If it's Saturday, school's in session

For some Howard pupils, part of the weekend is spent reinforcing skills

January 29, 2003|By Laura Shovan | Laura Shovan,SPECIAL TO THE SUN

For most youngsters, Saturdays are a break from busy daily routines. But last weekend, dozens of children gathered in Worthington Elementary School's media center for an extra morning of school.

For these children, the six-week-long Saturday school is not perceived as punishment. The small classes, run by Helping Hands Enrichment and Leadership Foundation and taught by Howard County teachers, have no homework and no tests. The pressure to perform is off.

The foundation was established in 1987, aiming to provide academic enrichment to county schoolchildren. The Saturday program is now at five elementary schools each fall and spring. A full-day academic summer camp is also available.

At Bryant Woods, Phelps Luck, Running Brook and Swansfield elementary schools, a Helping Hands coordinator and principal identify children who will be invited to attend the free skills-reinforcing program. A grant from the Rouse Co. and Bank of America pays for supplies and teacher salaries.

Worthington's program is unique. It is open to all Howard County pupils in grades one through five. The tuition is $115.

Pat Dodson, Bonnie Branch Middle School's sixth-grade team leader and reading teacher, is education director for Helping Hands. "What I like about the program is it supports the reading, math and writing skills," she said. "Also, the kids get to meet kids from all over the county, and it helps them with their pride and self-confidence."

Elaine Buggs of Columbia brought her 6-year-old son, James Jr., in the hope of bolstering his math skills. He attends first grade at Jeffers Hill Elementary. "This looks like a fun program, but still stresses academics," she said.

Toni April of Elkridge said that although her first-grader loves school, "he's having a hard time this year. ... I just want him to be on track."

Buggs said that for her child, "it's just tough to get him to focus." At first, James Jr. was resistant to going to school on a Saturday. But, his mother said, "As long as there's other kids learning with them, they're fine."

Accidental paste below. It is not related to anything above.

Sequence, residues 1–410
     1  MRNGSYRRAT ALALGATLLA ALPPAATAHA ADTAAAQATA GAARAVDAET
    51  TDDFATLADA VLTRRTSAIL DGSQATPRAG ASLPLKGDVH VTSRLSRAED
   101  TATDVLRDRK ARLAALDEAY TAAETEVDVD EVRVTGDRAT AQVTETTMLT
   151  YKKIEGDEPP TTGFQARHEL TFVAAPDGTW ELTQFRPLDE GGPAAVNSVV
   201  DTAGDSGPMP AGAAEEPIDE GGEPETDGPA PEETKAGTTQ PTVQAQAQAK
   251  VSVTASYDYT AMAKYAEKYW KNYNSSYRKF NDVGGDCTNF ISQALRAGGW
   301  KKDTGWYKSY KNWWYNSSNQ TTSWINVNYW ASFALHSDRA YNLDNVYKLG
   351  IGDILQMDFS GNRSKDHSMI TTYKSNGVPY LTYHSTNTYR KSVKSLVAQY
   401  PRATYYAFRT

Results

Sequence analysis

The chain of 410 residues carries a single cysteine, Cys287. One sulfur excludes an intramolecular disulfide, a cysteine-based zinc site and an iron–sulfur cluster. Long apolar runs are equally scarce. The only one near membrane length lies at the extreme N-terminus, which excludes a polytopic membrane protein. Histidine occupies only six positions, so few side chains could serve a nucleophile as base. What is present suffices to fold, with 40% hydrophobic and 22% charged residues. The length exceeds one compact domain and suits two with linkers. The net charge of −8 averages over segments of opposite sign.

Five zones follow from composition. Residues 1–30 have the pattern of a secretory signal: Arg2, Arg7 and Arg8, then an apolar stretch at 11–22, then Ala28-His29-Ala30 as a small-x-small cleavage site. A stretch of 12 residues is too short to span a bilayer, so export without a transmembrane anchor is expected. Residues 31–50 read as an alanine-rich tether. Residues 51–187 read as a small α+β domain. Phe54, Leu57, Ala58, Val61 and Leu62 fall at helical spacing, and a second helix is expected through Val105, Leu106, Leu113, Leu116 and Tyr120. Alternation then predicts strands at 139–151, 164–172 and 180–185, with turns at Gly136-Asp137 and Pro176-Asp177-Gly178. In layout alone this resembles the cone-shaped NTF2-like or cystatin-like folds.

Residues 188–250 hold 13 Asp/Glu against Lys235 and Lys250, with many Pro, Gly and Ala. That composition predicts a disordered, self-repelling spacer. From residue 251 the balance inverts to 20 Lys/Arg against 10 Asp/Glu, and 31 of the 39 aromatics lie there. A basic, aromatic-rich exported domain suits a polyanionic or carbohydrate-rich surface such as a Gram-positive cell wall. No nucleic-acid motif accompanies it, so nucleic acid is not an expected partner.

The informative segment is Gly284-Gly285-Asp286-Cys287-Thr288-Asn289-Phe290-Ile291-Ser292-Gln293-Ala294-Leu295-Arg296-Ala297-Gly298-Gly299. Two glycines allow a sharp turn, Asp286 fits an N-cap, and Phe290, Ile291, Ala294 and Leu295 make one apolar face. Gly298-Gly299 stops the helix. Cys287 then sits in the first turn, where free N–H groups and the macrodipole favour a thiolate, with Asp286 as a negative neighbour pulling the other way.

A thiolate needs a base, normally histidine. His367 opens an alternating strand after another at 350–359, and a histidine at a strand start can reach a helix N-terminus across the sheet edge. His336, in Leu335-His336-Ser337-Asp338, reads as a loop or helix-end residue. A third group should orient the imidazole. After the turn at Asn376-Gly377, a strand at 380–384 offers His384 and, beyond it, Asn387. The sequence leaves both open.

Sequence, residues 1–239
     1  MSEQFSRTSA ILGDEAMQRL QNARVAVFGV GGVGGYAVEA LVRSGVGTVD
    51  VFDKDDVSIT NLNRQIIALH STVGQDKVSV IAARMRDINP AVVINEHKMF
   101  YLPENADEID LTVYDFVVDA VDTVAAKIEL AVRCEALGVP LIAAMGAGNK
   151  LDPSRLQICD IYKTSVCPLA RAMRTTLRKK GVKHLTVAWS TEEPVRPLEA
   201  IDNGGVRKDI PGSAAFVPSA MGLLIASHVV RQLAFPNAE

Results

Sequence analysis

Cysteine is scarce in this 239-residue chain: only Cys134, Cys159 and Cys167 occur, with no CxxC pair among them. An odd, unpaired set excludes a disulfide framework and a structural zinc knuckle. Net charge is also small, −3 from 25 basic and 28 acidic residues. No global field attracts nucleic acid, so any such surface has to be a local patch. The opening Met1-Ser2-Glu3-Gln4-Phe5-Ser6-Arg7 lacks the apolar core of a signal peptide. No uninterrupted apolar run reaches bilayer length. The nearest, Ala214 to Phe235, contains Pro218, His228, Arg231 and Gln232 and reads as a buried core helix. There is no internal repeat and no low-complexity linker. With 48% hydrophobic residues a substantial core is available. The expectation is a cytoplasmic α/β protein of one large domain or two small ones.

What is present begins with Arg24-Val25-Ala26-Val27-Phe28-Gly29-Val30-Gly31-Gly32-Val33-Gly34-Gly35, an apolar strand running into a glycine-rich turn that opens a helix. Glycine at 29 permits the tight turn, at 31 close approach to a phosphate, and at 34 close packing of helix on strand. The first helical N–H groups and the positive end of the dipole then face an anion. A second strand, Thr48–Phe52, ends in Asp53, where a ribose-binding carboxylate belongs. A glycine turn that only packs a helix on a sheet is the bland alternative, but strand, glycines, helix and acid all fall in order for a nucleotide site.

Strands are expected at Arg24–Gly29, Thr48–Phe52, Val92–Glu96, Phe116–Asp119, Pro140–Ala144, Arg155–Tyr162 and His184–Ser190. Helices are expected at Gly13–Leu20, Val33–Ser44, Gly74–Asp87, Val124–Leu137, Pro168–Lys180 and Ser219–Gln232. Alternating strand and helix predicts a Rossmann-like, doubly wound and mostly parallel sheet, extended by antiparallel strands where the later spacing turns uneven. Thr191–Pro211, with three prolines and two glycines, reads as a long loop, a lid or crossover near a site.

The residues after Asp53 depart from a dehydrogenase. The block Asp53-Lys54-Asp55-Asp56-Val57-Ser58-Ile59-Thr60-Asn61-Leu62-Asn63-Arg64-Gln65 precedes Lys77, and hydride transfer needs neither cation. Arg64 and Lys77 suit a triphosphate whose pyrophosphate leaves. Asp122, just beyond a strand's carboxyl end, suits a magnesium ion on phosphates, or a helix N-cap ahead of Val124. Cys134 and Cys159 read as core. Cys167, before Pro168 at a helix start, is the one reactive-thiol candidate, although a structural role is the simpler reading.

Helping Hands encourages a sense of community among those who attend. At the start of each session, pupils and teachers meet as a group to talk about the previous week. Children are encouraged to share achievements they have had in their regular classrooms.

After the opening meeting, the children go to classes grouped by grade level. On Saturday, the fourth-graders had a math race and begged their teacher to let them do long-division problems.

In third grade, the children learned about descriptive language. After hearing part of a story without the benefit of illustrations, they had to imagine and draw an ocean scene.

William Hester, a third-grader at Gorman Crossing Elementary, said he did not want to come to Saturday school at first, but "we're doing fun stuff."

Melvina Brown of Ellicott City has been president of Helping Hands since December 2001. Now a real estate agent, she is a former Howard County educator.

"We're able to do a lot of hands-on things with them. They enjoy it," Brown said. "It really is rewarding to see the progress of the students and how enthusiastic they are.

"One of our goals [is] that every child in the Howard County school system should be on grade level, if not above. We help make our students on the level that they should be on, so that they feel good about themselves because they're able to achieve," Brown said.

One of the keys to the program's success, according to Dodson, is hiring experienced teachers who are aware of age-appropriate skills. "They know what a first-grader should be able to do when they leave first grade," she said.

With 12 or fewer pupils, these educators have the luxury of customizing lessons to their pupils' needs.

Dodson attributes the positive tone to the staff. "I think that the attitude of the teachers - being so positive and excited about what they're doing - I think that really helps the kids. ... They're learning in creative ways and different ways that they might not normally get in school," she said.

Information: 410-715-3053.

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